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This proposal succeeds a preliminary proposal submitted to the Joint Oceanographic Institutions for Deep Earth Sampling (JOIDES) in September 1997 to drill drowned reefs and reef terraces at Tahiti. The present submission is a revised version of Proposal 519, which was assessed in Fall 1998 by the Environment Science Steering and Evaluation Panel (ESSEP). It includes some revised sections that address a few comments raised in the panel discussion and concerning the scientific objectives and technical/operational issues. As noted by ESSEP during its fall 1998 review, “the goals are well-aligned with the high-priority objectives of the Long Range Plan (1996) and cover the two subthemes ‘Earth’s Changing Climate’ and ‘Causes and Effects of Sea Level Change’.” These aims are related to other international scientific programs such as International Geosphere-Biosphere Program (IGBP), Past Global Changes (PAGES) and PAGES/Climate Variability and Predictability (CLIVAR) interface.

1. To establish the course of postglacial sea level rise at Tahiti (i.e., to define the exact shape of the deglaciation curve for the period 20.00–10.00 ka.

The expected results are the following:

  • To assess the validity, timing, and amplitude of the MWP-1A event;
  • To assess the maximum sea level drop during the LGM,
  • To prove or disprove the sawtooth pattern of sea level rise during the last deglaciation (Locker et al., 1996), and
  • To test predictions based on different ice and rheological models.

Reconstruction of sea level curves relies on absolute dating of in situ corals by radiometric methods (230Th/234U by thermal ionization mass spectrometry [TIMS], 14C by accelerator mass spectrometry [AMS]), and paleobathymetric information deduced from biological communities (corals, algae, and mollusks) that live in a sufficiently narrow or specific depth range to be useful as absolute sea level indicators.

2. To define SST variations for the region over the period 20.00–10.00 ka in order gain better knowledge of

  • Regional variation of SSTs in the South Pacific,
  • Climatic variability and the identification of specific phenomena such as ENSO, and
  • Global variation and relative timing of postglacial climate change in the southern and northern hemispheres.

Methods include stable isotope ( 18O) and trace element (Sr/Ca ratios by TIMS) analyses on high-resolution (i.e., at the monthly scale) sampling of massive coral colonies. Coupled analyses of d18O and Sr/Ca on the same sample may yield estimates of both temperature and salinity (McCulloch et al., 1996). Stable isotope 18O measurements, systematically coupled with those of 18O in coral skeletons, will provide information on other parameters (e.g., solar variations or metabolism processes). Geochemical methods will be coupled with measurements and analyses of the bandwidths and microstructural variations in the coral skeletons.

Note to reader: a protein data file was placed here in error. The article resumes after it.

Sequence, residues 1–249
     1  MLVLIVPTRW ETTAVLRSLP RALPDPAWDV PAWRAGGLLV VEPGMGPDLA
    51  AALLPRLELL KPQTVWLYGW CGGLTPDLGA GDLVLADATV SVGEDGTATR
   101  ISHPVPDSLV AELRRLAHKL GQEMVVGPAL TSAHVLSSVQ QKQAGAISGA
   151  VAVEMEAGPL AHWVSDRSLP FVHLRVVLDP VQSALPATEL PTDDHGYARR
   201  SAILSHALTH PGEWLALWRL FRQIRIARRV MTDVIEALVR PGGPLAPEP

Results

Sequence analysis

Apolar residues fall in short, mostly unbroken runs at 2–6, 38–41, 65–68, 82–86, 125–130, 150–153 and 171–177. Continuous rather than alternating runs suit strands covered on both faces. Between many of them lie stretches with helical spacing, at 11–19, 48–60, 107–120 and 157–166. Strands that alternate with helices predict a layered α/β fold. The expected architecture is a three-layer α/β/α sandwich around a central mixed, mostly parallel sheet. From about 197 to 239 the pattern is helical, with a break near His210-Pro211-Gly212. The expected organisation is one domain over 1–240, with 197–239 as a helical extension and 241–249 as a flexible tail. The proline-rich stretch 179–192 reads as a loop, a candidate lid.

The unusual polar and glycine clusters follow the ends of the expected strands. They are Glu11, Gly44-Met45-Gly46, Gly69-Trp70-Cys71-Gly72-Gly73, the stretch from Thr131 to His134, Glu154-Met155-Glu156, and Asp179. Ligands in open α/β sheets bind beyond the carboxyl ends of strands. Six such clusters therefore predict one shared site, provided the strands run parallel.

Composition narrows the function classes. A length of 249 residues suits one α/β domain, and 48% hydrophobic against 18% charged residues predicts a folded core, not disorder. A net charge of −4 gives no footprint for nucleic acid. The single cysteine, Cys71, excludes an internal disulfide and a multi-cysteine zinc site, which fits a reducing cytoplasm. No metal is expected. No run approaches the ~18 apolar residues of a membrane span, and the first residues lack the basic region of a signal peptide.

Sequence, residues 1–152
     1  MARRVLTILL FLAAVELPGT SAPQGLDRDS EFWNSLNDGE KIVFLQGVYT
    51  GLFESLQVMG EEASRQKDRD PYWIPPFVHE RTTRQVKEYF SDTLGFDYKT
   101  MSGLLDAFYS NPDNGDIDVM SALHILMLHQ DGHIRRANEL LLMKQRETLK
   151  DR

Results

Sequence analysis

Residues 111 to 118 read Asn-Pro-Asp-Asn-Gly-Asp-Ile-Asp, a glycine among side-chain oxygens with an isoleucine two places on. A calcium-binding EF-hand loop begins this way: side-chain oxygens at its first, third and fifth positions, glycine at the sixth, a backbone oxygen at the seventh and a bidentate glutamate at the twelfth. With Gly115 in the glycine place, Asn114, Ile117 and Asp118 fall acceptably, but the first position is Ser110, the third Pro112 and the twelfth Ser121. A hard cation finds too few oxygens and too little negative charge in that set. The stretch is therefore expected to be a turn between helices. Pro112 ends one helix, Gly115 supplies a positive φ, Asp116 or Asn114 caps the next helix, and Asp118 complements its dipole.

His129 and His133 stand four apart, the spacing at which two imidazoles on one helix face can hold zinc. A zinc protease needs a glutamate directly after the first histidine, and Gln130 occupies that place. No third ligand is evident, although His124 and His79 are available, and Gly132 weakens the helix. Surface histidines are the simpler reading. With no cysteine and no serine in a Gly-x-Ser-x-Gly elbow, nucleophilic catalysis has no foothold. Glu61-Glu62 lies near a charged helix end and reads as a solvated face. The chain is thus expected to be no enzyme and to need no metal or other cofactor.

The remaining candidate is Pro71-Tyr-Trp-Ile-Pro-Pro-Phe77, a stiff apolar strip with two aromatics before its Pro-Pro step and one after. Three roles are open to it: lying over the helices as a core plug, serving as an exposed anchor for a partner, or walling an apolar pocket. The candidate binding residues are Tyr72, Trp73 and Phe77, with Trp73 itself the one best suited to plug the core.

3. To analyze the impact of sea level changes on reef growth and geometry and, especially

  • The impact of glacial meltwater phases (identification of reef drowning events),
  • The morphological and sedimentological evolution of the foreslopes (highstand versus lowstand processes),
  • Modeling of reef building, and
  • Environmental changes during reef development.

A numerical model simulating reef building will be used to study the effect of a sea level jump on reef geometry and to qualitatively assess the effect of sea level fluctuations on the reef shape and age-depth relationships.

The present proposal may provide the opportunity to better constrain the deglacial history (see Peltier, 1994; Fleming et al., 1998; Okuno and Nakada, 1999) by documenting, for the first time, the LGM lowstand in well-studied cores in the far field and by comparing the MWP-1A event in the Pacific and Atlantic Oceans. Furthermore, the study of very early deglacial coral material should provide the first Sr/Ca SSTs for the LGM in the Pacific, which could then supplement Barbados sample data (Guilderson et al., 1994) and the recent study of Stage 6 corals (McCulloch et al., 1999).

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